"Regardless of the path taken judicial authority arrives at the same place. The cases which preserve the possibility of court review if the Board has acted unconstitutionally or has gone outside its jurisdiction should be kept in mind. But they are not in point in this case which is a plain challenge to the decision reached by the Board on the merits of the plaintiff's claim."
It is, naturally, not for this court to criticize Congressional enactment even if it were of such a mind but the plaintiff makes the cogent argument that he was forced to go to the Railroad Board of Adjustment, that when he got there they acted in an illegal fashion and that his constitutional rights are violated if he is denied a review in this court. This does seem contrary to the American scheme of things at first blush but on closer scrutiny, is this so?
In the first place, under the Moore holding, supra, he was not compelled to go to the Board but could have accepted the action of the employer and sued for his alleged wrongful discharge. In the second place, he had no right as the Constitution was written to bring a suit for this action in a United States District Court for this court is a statutory court and just as Congress had the authority to establish the court so it, likewise, has the authority, as it has on many occasions, to either enlarge or restrict the jurisdiction of the court. Therefore, if Congress creates this body, namely, the Railroad Adjustment Board, as an expert body to deal with such matters and if the employee elects to go there, it seems perfectly rational that Congress has the right to make such election by the present plaintiff final and binding.
It, therefore, seems under all the authority hereinbefore cited that this court is impelled to the conclusion that there is no judicial review of an action denying a claim of an employee by the Railroad Adjustment Board and, consequently, without jurisdiction in this matter. If, on the other hand, we are in legal error in this regard, it would seem to the court that upon a review of such a Board's action the Board itself would be an indispensable party for after all it is its actions which are under attack.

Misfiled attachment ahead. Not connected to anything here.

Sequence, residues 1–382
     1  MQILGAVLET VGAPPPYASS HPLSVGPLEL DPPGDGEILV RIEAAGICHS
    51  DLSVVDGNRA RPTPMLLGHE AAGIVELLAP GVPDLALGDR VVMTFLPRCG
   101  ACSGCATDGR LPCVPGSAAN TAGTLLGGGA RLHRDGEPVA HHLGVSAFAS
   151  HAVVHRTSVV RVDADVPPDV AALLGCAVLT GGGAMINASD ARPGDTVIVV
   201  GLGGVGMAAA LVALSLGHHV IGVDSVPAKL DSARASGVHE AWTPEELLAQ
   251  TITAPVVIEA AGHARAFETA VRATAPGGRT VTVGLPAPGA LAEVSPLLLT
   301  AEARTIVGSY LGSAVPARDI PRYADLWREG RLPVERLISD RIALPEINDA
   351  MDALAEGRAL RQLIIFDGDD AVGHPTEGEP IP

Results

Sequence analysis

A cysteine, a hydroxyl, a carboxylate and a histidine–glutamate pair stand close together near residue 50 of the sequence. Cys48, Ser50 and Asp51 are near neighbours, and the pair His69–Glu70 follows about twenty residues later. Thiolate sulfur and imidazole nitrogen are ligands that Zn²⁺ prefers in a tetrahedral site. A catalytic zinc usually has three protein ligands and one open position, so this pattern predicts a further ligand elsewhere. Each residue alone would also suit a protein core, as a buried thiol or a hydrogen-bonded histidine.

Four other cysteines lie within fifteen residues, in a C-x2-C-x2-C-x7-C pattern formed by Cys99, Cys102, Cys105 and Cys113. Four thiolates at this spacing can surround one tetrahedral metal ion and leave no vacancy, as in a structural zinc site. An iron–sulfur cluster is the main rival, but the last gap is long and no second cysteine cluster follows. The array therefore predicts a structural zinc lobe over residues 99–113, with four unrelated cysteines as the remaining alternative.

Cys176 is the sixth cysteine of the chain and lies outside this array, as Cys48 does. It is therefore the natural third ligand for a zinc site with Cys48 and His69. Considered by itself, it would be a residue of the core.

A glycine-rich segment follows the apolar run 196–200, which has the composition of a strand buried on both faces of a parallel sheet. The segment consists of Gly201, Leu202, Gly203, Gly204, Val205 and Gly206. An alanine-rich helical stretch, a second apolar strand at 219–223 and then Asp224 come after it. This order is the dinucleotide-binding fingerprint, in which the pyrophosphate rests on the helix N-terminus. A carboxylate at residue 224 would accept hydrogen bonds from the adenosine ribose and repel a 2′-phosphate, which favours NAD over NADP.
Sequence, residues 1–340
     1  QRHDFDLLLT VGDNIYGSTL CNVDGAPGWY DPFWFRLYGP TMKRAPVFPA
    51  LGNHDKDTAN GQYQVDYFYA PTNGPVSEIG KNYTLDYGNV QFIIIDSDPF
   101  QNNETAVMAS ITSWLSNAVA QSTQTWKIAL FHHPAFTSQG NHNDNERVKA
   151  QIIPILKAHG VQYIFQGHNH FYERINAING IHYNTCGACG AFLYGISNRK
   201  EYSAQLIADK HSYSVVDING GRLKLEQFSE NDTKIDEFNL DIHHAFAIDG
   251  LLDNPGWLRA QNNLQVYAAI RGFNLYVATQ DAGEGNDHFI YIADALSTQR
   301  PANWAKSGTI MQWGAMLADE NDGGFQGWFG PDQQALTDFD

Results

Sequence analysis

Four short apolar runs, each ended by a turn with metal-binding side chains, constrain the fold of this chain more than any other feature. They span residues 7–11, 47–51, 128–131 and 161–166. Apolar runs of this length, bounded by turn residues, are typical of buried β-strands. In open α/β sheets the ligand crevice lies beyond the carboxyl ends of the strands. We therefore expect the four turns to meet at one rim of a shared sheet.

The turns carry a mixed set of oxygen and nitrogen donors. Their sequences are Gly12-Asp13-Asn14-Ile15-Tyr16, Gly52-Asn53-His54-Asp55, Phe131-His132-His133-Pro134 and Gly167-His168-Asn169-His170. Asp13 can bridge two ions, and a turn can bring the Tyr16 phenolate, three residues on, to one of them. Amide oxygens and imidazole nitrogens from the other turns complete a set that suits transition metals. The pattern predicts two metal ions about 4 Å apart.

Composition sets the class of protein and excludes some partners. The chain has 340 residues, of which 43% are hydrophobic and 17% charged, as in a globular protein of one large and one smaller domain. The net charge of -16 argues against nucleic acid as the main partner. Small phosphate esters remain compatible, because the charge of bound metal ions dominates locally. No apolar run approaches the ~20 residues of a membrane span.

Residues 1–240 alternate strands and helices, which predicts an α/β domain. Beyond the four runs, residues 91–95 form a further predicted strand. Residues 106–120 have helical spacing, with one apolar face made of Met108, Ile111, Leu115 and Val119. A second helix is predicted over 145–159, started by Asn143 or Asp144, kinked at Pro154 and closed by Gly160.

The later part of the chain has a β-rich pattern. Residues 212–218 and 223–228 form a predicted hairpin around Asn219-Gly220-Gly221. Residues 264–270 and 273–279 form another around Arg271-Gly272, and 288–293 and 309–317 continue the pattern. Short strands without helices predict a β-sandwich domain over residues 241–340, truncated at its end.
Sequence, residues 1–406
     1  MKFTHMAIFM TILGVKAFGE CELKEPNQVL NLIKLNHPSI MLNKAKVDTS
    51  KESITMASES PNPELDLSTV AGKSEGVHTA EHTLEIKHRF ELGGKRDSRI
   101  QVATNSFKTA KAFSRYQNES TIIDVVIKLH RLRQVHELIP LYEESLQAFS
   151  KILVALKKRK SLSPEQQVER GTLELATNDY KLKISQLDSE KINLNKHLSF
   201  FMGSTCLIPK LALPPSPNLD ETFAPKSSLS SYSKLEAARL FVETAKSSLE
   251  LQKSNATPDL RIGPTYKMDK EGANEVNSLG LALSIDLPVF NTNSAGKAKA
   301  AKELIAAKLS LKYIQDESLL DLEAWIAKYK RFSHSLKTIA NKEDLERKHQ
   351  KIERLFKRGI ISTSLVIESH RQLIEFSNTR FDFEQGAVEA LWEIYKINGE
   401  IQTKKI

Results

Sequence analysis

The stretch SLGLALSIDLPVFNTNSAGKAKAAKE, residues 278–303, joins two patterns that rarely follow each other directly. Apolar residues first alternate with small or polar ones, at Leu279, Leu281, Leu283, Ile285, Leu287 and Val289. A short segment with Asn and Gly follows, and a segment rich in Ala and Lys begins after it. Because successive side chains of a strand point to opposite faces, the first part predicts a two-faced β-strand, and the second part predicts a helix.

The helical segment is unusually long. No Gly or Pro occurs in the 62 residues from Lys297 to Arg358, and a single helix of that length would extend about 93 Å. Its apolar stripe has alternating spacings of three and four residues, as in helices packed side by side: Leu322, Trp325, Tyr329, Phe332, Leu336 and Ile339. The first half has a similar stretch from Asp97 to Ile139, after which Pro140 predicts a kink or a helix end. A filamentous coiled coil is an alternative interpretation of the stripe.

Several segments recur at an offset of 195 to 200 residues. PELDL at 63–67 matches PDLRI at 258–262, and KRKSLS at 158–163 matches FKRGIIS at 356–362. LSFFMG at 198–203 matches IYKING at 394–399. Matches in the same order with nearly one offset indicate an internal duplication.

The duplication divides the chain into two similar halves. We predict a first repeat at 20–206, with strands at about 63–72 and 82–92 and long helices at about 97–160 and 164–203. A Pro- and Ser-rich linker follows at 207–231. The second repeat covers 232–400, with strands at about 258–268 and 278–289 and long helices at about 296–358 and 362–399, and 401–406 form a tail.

This would seem to be so under the ruling of the Supreme Court in Blackmar v. Guerre, 1952, 342 U.S. 512, 72 S. Ct. 410, 96 L. Ed. 534. There, a discharged employee of the Veterans Administration in New Orleans appealed to the regional office of the Civil Service Commission located in New Orleans. He won and was ordered reinstated. The Veterans Administration appealed to the Board of Appeals and Review located in Washington, D.C. The Board reversed the regional office. The employee then instituted suit in United States District Court in Eastern District of Louisiana. In holding that the United States Civil Service Commission was an indispensable party and dismissing the action the court, through Mr. Justice Minton, said (342 U.S. at page 514, 72 S. Ct. at page 411):
'If the Commission could be sued eo nomine, we would be confronted with the question of whether service as here made would be sufficient to bring the Commission into court; but Congress has not constituted the Commission a body corporate or authorized it to be sued eo nomine.'
And further (342 U.S. at page 515, 72 S. Ct. at page 412):
'Since the Civil Service Commission is not a corporate entity which Congress has authorized to be sued, a suit involving the action of the Commission generally must be brought against the individual Commissioners as members of the United States Civil Service Commission. No such suit was brought here, and no service was had upon the individuals comprising the Civil Service Commission. Therefore, neither the individuals comprising the Civil Service Commission nor the Commission as a suable entity was before the District Court.'
And further (324 U.S. at page 516, 72 S. Ct. at page 412):
'* * * The courts of the District of Columbia are the only courts of 'competent jurisdiction' to reach the members of the Civil Service Commission.
'Since the members of the Civil Service Commission were never served, and could not be served, in the District Court for the Eastern District of Louisiana, and the Civil Service Commission is not a corporate entity, it follows that the only defendant before the court was Guerre, and, as we have pointed out, no relief could possibly be granted against him in these proceedings, the judgment is affirmed.'
This court is, therefore, of the opinion that it has no jurisdiction of the subject matter of the suit and, consequently, the motion to dismiss the complaint will be granted.
Counsel will prepare an appropriate order.